The Leitz 50mm Noctilux f/1.2 lens was the first 35 mm taking lens in the world containing an aspheric element. Leitz Wetzlar optical designers Helmut Frenk and Dr. Paul Sindel were responsible for the optical computation. The lens was introduced in 1966 and was received by the market as a sensation. It is almost entirely free of spherical aberration and coma while producing an exceptionally high degree of contrast. 45 years ago, however, even for Leitz it was quite a challenge to produce such a lens, a fact reflected in its price as well: the lens was almost twice as expensive as the body of the Leica M4. It was replaced by the 50 mm Noctilux f/1 in 1976, which – using optical glasses new at the time – could be calculated without aspherical elements and was even cheaper than its predecessor. In ten years of its production, only about 2,500 units of the 50 mm Noctilux f/1.2 were produced in total, which represents a proportion of one unit per business day. The Noctilux f/1.2 lens can truly be called a legend within the technical development of the Leica lenses. It is not only sought-after by collectors, but still also a favorite of some photographers.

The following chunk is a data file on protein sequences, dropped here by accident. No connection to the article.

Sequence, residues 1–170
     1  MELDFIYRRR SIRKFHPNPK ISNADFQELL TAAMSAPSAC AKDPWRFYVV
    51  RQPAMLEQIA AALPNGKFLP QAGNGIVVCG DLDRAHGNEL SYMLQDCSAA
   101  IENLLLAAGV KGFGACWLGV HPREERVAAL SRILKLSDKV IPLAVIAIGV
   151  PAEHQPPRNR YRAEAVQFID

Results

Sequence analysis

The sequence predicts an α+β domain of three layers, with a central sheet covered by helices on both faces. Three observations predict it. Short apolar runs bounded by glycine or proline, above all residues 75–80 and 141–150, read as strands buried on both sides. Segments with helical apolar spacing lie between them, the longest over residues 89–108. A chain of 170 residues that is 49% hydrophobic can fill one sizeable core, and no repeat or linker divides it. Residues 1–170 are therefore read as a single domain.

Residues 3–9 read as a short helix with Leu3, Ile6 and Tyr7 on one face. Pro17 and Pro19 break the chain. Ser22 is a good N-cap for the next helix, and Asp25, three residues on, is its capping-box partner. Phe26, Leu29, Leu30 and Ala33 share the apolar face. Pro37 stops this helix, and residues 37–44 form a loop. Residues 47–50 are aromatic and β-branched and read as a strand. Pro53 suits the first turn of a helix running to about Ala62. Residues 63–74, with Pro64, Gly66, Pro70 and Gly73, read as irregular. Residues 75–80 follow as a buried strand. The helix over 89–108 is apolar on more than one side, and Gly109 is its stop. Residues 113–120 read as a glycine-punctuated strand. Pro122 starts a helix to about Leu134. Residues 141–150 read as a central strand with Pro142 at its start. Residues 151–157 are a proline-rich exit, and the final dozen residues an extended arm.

Literature: James L. Lager (ed.), Leica Illustrated History, Vol. II, 1994, p. 174.